We haven't heard much about currency manipulation lately, but according to my friend C. Fred Bergsten of the Peterson Institute for International Economics, it was and remains a major threat to the international monetary system.
The President will be speaking about rebuilding America's middle class from the depths of an Amazon warehouse in Tennessee. His message and the site from which he'll deliver it are dissonant, given Amazon's prominence as a massive importer and employer of temporary workers.
While the focus of the "Lame Duck" Congress will be to keep us from falling off the cliff of financial ruin from reaching the debt ceiling and sequestration, there are two bills passed by one body of Congress but not the other that should be passed.
It's past time for America to stop being a spectator to global trade abuses, with our hands bound by either our diplomatic sensitivities or corporate short-sightedness in valuing short-term profits over the long-term viability of our national economy.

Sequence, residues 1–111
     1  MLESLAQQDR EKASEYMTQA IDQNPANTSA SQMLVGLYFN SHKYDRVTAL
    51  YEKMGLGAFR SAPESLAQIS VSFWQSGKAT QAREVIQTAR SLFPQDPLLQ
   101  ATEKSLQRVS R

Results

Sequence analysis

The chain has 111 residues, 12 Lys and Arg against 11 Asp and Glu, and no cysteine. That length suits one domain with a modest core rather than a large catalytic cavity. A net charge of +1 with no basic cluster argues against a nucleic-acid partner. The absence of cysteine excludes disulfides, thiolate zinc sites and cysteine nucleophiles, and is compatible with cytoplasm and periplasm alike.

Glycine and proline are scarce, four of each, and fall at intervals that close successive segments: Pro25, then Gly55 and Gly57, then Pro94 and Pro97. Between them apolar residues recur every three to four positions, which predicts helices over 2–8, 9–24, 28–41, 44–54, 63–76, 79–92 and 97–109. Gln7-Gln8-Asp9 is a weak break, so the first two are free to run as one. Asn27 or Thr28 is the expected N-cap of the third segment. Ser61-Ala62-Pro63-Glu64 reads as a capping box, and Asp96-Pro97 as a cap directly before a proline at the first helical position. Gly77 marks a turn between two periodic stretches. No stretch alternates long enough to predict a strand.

The latest noteworthy example of China's protection of its industries -- and its 'rest of the world be damned' behavior -- is it's allowing its steel industry to duck yet another global environmental initiative.
All of a sudden Congress, or at least the Senate, is on the brink of enacting some sort of legislation intended to retaliate against China for its currency manipulation. For me, to borrow a line from Yogi Berra, it is "déjà vu all over again."
The linkage between monetary policy and oil prices raises questions for how a consistent domestic energy policy can be implemented if critical energy market price signals are distorted by linkages with monetary policy.
China will almost certainly continue to make its economic presence felt over the next decade; even though this concerns many players in the global markets, it's not in anyone's best interest to condemn Beijing.
Congressional action on China's cheating looks increasingly likely. The chances for passage of a bipartisan bill in Congress that would deter China from manipulating its currency have improved dramatically.